There’s one book in particular that I have spent much of this year not reading, and that’s Adorno: A Biography by Stefan Müller-Doohm. I’m pretty sure that my relationship with this book is a lot more intimate and emotionally fraught than it would be if I’d actually read it. For the past nine months or so it has been squatting on my desk, in all its arrogant bulk and imperious disdain — like Ray Winstone in scholarly-volume form — taunting me with the fact of my not having read it. The thing about Adorno: A Biography is that it couldn’t care less that I haven’t read it; in fact, it seems to derive a kind of smug enjoyment from my continuing failure to do so. It knows all about the life and writings of Theodor Adorno, and will continue knowing all about them regardless of whether I read it. It also knows me better than I know myself, this book; it knows that I’m the type of person who will buy a 648-page biography of Theodor Adorno, but not, crucially, the type of person who will read it.
I allowed that domineering bastard into my life in the first place after reading — as opposed to merely purchasing — Adorno’s Minima Moralia: Reflections from Damaged Life (which, ironically, I wrote about here in the context of its bucking the trend of my failures of readerly steadfastness). It’s an amazing book of short essays and elegant aphorisms on a vast array of topics — love, capitalism, war, fascism, children’s toys, architecture, psychoanalysis — that contains some of the most beautiful accumulations of sentences I’ve ever come across. Like this, for instance:
Waking in the middle of a dream, even the worst, one feels disappointed, cheated of the best in life. But pleasant, fulfilled dreams are actually as rare, to use Schubert’s words, as happy music. Even the loveliest dream bears like a blemish its difference from reality, the awareness that what it grants is mere illusion. This is why precisely the loveliest dreams are as if blighted.
I also sat down and properly read a couple of books by Susan Sontag — Against Interpretation and Where the Stress Falls — and loved more or less every word of both, especially the stuff I vehemently disagreed with. I also dipped in and out of the first volume of her journals. As with so many of the best cultural commentators, Sontag’s critical persona was itself a kind of ongoing work of art. I love the spectacle of her hawkish aestheticism; for its own sake, certainly, but also for the way it forced me to think more clearly about my own cultural values. (Right now, I couldn’t tell you exactly what these are, but I do remember having a sense of them at the time).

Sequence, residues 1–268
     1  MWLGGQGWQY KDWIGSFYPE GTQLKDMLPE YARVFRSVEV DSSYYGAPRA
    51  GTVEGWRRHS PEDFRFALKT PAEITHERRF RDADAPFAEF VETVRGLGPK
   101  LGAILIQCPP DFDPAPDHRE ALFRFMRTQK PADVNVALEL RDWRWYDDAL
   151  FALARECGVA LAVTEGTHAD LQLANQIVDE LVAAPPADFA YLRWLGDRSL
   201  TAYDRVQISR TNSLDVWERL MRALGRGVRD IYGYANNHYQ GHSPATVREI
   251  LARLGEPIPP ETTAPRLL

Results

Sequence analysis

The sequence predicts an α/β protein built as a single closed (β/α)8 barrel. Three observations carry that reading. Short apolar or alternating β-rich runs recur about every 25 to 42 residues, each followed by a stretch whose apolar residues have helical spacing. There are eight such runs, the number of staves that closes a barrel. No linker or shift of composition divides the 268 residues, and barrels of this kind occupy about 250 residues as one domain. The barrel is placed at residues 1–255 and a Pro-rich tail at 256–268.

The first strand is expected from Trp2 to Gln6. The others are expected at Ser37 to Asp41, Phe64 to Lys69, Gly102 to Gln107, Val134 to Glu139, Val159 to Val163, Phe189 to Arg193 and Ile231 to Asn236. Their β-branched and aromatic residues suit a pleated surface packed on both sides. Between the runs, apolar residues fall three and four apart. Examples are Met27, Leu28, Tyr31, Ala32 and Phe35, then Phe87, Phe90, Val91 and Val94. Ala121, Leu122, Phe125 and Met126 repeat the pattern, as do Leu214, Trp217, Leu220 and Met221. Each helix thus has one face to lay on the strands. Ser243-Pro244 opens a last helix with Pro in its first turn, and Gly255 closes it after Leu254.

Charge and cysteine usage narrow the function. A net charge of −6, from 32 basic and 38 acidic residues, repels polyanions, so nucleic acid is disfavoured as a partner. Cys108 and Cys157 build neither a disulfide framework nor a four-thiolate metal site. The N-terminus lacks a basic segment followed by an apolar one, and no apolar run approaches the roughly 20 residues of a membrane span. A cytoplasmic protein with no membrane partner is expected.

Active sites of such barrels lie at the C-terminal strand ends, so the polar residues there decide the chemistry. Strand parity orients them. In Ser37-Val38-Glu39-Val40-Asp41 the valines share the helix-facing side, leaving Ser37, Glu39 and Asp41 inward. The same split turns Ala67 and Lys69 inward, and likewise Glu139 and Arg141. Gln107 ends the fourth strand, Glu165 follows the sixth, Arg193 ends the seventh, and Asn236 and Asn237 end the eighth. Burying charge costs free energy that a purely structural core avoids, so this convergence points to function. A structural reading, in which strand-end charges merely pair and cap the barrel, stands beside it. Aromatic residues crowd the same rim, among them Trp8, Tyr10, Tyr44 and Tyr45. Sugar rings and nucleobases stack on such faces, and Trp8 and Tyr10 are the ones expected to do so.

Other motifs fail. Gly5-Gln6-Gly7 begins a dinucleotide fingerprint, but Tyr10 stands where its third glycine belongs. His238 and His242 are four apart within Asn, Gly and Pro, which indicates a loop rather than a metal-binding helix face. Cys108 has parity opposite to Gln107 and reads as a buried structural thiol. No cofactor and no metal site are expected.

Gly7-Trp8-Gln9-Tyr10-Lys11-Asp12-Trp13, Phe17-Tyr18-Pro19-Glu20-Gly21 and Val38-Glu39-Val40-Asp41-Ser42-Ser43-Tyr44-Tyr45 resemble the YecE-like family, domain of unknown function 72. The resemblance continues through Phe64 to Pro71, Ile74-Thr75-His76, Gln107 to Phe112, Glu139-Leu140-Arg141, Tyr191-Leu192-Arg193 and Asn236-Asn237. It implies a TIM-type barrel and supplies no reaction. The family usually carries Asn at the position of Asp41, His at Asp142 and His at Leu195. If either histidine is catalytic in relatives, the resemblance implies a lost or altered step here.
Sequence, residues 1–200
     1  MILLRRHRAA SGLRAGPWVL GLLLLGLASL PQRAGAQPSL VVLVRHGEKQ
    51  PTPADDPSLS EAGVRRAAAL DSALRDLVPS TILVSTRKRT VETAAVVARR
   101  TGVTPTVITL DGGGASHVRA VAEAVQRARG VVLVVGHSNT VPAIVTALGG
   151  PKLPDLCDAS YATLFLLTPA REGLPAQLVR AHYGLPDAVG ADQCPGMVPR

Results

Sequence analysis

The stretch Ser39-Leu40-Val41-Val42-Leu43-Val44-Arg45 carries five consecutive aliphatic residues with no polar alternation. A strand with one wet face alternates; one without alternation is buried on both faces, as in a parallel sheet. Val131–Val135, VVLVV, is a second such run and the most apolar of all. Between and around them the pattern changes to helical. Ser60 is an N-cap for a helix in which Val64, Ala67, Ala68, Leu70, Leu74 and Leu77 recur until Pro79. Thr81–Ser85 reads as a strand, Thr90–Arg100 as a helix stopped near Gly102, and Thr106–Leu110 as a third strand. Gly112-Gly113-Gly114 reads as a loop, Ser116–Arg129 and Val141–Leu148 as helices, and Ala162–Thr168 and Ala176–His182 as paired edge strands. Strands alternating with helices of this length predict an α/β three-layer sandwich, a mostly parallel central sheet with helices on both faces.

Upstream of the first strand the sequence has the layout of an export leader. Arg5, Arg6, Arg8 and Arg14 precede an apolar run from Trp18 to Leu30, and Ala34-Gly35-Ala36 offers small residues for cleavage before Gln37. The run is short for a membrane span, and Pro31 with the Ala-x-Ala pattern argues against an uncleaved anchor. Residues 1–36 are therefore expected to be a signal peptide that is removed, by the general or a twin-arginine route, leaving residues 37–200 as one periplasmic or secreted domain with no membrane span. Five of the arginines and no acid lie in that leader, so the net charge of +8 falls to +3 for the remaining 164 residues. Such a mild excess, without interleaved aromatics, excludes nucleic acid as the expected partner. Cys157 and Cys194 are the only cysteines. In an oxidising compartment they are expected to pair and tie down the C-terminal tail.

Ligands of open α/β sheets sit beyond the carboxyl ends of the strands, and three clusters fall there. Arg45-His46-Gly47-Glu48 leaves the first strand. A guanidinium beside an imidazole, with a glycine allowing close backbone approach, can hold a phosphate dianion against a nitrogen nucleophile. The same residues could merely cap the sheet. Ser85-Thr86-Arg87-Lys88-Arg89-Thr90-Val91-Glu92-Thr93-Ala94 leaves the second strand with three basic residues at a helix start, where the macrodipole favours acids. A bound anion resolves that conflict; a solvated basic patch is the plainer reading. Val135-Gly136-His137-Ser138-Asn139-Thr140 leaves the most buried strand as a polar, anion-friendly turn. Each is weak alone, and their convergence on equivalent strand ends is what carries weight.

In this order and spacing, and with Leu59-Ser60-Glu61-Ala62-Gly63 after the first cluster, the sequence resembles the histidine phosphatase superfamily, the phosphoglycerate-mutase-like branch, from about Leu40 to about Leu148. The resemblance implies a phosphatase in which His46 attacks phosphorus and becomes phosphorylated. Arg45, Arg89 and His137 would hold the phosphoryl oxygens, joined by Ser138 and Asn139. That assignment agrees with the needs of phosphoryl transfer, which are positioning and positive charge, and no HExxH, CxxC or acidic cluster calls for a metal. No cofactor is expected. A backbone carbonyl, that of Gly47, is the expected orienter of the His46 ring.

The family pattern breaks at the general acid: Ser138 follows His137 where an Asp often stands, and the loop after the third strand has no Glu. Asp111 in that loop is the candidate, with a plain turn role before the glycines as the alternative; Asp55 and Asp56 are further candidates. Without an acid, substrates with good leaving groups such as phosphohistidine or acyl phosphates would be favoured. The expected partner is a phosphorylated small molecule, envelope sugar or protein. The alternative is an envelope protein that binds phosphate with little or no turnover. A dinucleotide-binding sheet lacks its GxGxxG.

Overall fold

The most fun I had with a book all year was definitely the Sunday I spent reading David Rees’s How to Sharpen Pencils: A Practical and Theoretical Treatise on the Artisanal Craft of Pencil Sharpening, for Writers, Artists, Contractors, Flange Turners, Anglesmiths, and Civil Servants, with Illustrations Showing Current Practice. (With a title like that, it’s basically immoral to shorten it to its first four words.) It’s a deeply funny and fascinating exercise in sustaining a rarified tone in the face of an apparently absurd subject matter, and it’s also a covert quasi-memoir about obsession and coming to terms with difficulties and disappointment in life and art. Primarily, though, it’s a very, very detailed guide to sharpening the bejesus out of a pencil, and it’s stood me in good stead in that regard. The second most fun I had with a book all year was the second time I read it, about three weeks later.
As for fiction, I spent quite a lot of time this year harassing friends, acquaintances and perfect strangers to read the Portuguese writer Gonçalo M. Tavares, who I feel confident is lurking somewhere in the general vicinity of genius. I read his “Kingdom” series of novels — Jerusalem, Learning to Pray in the Age of Technique, and Joseph Walser’s Machine — straight through, one after the other, and the experience was a full-on revelation. He’s one of those writers (like, say, Kafka or Beckett) who makes almost all other writers seem not fully serious, as if they are, on some crucial level, just messing about. Not everyone I bullied into reading him was as impressed as I told them they would be; a couple of people said they found his fictional world too cold and inhuman, but this is, I think, exactly what so enthralls me about him. In the best possible way, he writes like an alien.
Chris Ware’s Building Stories was also a rich and remarkable experience. I don’t really know what else to say about it, except that it’s definitely a masterpiece.